Sunday, February 26, 2012

Yes, I like to laugh at Norman. Yes, I know there are sensible christians out there who are not so ridiculous.

     Norman begins his latest post by "talking" to one of the voices in his head and then acting as if he has just noticed the reader. When I was a child (and dinosaurs roamed the earth) this type of technique was used only occasionally in children's shows; And I thought it rather stupid then. From what I have heard, it has become more prevalent. It has some place in children's shows because children (unfamiliar with the world) can actually believe that there are really people in the television set that are responding in real time. However, as adults we understand that the shows are pre-recorded and that the characters cannot actually see the viewers. Personally, I think this shows the level of mental capacity that "Stormin' Norman" thinks conducive to following his message.
     "I don't think Norman the yap-dog paranoid troll and his master Rotten have heard what you said about them in the podcast."
     What? He wasn't paying attention to what he said, either? I do, however, think it appropriate that he refered to Jesus as "Rotten." The stories are surely fictional; but the character portrayed is, indeed, quite rotten.
     His main post is about appeals to emotion. He should be familiar with the concept as he uses the technique almost exclusively. I lost track of how many times he told non-christians to "man up" on Dan's blog. I also note that he says "unfortunately, some people are skilled at the more subtle forms of manipulation." The only thing I think he considers unfortunate is that he does not. Happily, all of his attempts to manipulate are blatantly obvious. That is, perhaps, why he feels the need to pre-screen comments. Allowing uncontrolled dissent would shatter his manipulation even of the faithful.
     "Brand someone with a label that has negative connotations and you can win over the weak-minded to your side."
     And, again, he is bragging about the way he operates. Note well: He never actual names for any of his critics. He picks terms that he intends as derogatory. Now, the reader may ask if I am not avoiding using Norman's actual screenname. Well, to this I answer that Norman is one of the names that he has chosen, and that it is quite appropriate to use it. Now "Stormin' Norman" may be taken as a bit of ridicule laced with sarcasm; but I really think that is the way he views himself.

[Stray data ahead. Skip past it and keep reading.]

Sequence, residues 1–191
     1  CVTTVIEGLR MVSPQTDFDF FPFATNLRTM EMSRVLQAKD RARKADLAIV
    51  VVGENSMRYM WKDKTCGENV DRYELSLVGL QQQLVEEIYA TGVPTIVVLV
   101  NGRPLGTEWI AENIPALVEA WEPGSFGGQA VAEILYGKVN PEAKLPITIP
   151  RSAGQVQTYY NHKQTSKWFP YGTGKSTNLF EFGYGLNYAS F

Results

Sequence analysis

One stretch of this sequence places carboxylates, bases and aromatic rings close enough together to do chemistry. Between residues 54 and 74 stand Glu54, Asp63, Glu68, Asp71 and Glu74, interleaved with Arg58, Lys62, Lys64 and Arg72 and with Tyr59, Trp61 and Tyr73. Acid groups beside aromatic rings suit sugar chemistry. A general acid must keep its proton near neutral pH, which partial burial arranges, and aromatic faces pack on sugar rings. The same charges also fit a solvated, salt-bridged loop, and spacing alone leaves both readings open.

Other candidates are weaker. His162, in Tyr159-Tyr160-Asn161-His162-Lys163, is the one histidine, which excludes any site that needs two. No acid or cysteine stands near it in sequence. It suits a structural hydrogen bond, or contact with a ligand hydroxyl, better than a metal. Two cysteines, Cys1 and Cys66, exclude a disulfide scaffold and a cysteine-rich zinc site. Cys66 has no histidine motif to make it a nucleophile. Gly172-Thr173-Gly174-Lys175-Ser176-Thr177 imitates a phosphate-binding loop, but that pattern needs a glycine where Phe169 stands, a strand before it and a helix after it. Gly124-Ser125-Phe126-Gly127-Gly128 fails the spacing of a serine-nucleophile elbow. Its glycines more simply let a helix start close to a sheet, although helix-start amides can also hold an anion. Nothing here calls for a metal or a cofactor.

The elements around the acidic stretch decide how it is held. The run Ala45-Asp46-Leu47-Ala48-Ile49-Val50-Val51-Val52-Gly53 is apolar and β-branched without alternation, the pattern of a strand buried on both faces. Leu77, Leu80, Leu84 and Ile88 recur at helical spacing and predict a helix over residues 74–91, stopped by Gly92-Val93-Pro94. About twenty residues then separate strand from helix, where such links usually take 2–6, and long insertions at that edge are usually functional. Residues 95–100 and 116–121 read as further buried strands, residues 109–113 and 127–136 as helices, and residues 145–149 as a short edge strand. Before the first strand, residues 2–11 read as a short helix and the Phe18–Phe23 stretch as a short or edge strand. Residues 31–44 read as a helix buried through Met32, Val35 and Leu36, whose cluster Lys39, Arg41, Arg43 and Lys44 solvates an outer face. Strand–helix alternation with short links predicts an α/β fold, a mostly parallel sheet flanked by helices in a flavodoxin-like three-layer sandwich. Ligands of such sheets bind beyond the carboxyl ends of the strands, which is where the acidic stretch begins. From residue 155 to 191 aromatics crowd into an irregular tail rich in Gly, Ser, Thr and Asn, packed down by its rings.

"One of the most blatantly stupid attack labels is liar for Jesus.' It is immediately laughable to anyone with a grain of sense because it implies the accuser has some kind of godlike power to know the thoughts and motives of the person they are attacking."
     As a matter of fact, it implies no such ability. People accused of being liars for Jesus, openly claim that they do what they do "for Jesus." And Norman is no exception. So that part is really not in dispute. The "liar" part is quite evident. We are talking about people who claim that non-believers really believe in the christian god but are "suppressing the truth in unrighteousness." It's not a true claim. The conclusion that they are lying (deliberately making false claims to trick their followers) is completely reasonable. I may not be able to read your mind directly. But your actions are a reflection of it. If I see enough of your actions, I can develop a reasonable (though incomplete) model of your mind. I can predict future actions and I can predict what you will believe. The predictions aren't perfect; but they are useful. Furthermore, people do this and will continue to do this because it works. Indeed, Norman does this. His predictions tend to be faulty because: 1) He doesn't really pay much attention to the actual actions of his critics. and 2) He has a tendency to insert motives that make his religion look better when the straight prediction makes his religion look bad.